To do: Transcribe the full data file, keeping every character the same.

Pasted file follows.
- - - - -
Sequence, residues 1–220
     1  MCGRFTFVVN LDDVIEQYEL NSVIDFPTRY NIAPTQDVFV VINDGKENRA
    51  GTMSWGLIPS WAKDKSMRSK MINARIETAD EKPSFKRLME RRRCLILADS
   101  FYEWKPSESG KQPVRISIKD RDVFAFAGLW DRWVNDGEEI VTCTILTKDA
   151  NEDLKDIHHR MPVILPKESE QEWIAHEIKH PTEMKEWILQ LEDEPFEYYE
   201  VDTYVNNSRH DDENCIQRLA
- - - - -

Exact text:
Sequence, residues 1–220
     1  MCGRFTFVVN LDDVIEQYEL NSVIDFPTRY NIAPTQDVFV VINDGKENRA
    51  GTMSWGLIPS WAKDKSMRSK MINARIETAD EKPSFKRLME RRRCLILADS
   101  FYEWKPSESG KQPVRISIKD RDVFAFAGLW DRWVNDGEEI VTCTILTKDA
   151  NEDLKDIHHR MPVILPKESE QEWIAHEIKH PTEMKEWILQ LEDEPFEYYE
   201  VDTYVNNSRH DDENCIQRLA